When quoting for print jobs, it's important to get the price right, and make sure you're not losing money. There are a few ways you can use your MIS to do this. In this article we're going to go through each one, using the Tharstern MIS as an example.
The first approach is to define cost centres for each of your devices in your MIS. You can specify which activities are required to run each device, and assign cost and labor rates to each. Importantly, you’re also able to define selling rates on these devices, which can be different for:
You can also define mark-up rates by customer, which can be different percentages for different job types. In the example below, we can see that Accolade Print Management gets a 5% mark-up applied to FSDU jobs, and a 20% mark-up applied to stationery jobs.
You also have the ability to define mark-up percentages for each of your product types, or even for specific manufacturing processes within those product types e.g. prepress or finishing. This is particularly useful if you need to outsource part of the job and allows you to add a mark-up to the outsourced processes only.
Performance Ratios allow you to define a mark-up by sector and product type, and this is the approach that we recommend to our customers. It’s particularly effective when used as part of a value-based pricing approach, and works on the idea that different sectors will pay more for certain products than other sectors will. For example, the retail sector will place more value on posters than the pharmaceutical sector, and so could be prepared to pay more. You can determine the ‘rules’ for this by carrying out an analysis of your historical order data to arrive at your Performance Ratios. For more details on how to do that, you can download our ebook: VALUE BASED PRICING FOR PRINT.
When you create an estimate for a customer that has been tagged with their relevant sector, the MIS will look at the product/sector combination and apply the appropriate Performance Ratio to the estimate. The resulting price can be overruled to some extent, but it’s a great way for estimators to be shown the target mark-up they need to try and achieve.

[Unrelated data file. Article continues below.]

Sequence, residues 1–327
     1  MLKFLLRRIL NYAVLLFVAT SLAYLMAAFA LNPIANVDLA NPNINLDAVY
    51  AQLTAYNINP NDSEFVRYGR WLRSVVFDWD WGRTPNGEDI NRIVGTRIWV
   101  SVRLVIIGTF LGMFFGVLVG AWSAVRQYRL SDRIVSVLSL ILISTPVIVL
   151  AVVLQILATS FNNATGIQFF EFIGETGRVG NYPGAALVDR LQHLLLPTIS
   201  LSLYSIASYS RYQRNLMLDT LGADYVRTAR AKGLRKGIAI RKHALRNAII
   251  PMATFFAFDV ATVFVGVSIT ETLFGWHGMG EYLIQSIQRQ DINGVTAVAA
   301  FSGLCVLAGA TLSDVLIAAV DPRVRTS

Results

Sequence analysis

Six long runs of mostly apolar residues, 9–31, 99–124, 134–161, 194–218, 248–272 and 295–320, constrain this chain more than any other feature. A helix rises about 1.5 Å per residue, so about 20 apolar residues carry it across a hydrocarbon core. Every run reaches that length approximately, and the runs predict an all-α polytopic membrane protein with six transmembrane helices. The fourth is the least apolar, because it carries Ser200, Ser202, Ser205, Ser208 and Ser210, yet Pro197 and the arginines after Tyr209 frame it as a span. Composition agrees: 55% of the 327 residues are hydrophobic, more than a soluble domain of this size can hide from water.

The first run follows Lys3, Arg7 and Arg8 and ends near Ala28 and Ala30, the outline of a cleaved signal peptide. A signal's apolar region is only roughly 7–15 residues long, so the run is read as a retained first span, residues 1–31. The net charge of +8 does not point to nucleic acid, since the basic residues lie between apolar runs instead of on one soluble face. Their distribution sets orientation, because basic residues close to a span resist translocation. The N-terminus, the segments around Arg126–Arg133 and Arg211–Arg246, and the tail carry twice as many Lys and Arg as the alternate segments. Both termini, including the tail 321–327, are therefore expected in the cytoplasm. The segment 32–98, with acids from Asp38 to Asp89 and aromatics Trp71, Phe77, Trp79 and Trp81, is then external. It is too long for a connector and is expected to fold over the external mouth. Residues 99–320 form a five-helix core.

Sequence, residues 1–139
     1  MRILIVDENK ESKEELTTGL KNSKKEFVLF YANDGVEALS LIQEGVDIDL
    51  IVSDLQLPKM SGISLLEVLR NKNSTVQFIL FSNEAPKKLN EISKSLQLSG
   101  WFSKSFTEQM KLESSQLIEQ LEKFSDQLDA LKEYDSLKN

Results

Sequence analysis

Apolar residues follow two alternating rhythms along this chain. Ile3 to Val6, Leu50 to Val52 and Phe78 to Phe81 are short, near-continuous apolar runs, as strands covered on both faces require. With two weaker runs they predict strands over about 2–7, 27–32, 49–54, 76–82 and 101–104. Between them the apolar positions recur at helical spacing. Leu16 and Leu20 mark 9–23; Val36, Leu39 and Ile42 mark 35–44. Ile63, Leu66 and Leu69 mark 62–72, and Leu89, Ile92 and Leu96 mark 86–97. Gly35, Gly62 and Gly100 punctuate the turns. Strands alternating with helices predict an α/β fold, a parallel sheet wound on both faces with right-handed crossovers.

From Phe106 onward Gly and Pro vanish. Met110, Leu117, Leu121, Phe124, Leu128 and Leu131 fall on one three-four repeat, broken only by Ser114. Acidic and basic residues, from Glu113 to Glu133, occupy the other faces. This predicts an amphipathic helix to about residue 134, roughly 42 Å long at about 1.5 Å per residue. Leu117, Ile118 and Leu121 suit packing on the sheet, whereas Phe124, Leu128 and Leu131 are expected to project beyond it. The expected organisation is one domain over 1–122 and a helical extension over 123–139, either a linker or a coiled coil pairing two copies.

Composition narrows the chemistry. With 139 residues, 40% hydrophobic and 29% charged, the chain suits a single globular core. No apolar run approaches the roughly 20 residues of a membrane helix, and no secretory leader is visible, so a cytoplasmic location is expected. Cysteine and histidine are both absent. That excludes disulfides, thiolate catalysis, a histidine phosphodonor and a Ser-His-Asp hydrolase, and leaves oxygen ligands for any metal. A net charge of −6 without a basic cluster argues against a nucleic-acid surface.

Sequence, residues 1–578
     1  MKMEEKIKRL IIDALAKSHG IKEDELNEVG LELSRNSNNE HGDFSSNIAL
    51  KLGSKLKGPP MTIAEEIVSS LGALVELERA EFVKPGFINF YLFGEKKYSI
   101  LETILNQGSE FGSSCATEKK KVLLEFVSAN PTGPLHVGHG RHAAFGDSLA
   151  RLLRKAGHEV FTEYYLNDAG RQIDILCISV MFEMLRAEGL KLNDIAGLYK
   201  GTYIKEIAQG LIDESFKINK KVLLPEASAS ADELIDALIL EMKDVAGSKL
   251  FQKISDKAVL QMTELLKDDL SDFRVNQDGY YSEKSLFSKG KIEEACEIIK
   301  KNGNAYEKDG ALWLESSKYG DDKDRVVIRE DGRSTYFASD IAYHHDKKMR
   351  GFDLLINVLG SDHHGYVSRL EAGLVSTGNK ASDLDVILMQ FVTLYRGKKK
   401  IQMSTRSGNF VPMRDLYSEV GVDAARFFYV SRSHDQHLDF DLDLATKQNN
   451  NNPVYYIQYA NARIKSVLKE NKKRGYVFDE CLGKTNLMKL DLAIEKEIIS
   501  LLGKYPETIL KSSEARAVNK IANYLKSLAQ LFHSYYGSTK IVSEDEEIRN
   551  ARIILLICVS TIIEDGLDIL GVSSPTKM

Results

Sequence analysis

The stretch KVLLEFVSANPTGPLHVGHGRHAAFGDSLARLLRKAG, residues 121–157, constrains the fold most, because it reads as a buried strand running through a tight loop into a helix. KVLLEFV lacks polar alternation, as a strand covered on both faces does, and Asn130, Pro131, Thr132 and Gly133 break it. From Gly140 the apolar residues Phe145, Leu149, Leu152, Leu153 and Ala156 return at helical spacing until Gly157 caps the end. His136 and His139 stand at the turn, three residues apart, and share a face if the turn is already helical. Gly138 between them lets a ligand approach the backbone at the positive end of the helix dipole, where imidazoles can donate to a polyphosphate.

Performance Ratios can be really useful if a customer challenges your pricing.
By navigating to the ‘Value Added’ area of the estimate, you’ll see a breakdown of the costs associated with the product, along with both the ‘target’ and ‘actual’ performance ratios for that sector/product. You can use this information to play around with different prices and see how it affects your performance ratios and net profitability. If a customer says they only have a certain amount of budget to spend on the job, you can put that in the ‘Sales to customer’ field and watch how the ratios and profitability are affected, before deciding whether or not to take the job.
It’s also possible to ‘hard wire’ minimum performance ratios to prevent estimators reducing a price below the acceptable levels.
Top tip – If a customer uses their budget as a reason to challenge your pricing, respond by suggesting changes to the quote, like using a cheaper material or removing a finishing process. If they agree to look at these changes, you know their budget is fixed. If not, there's a good chance they're just using it to reduce the price.
So there are a few different ways to make sure that you’re quoting the best price for print jobs and not losing money. If you’d like a more in-depth look into this topic, take a look at the video below.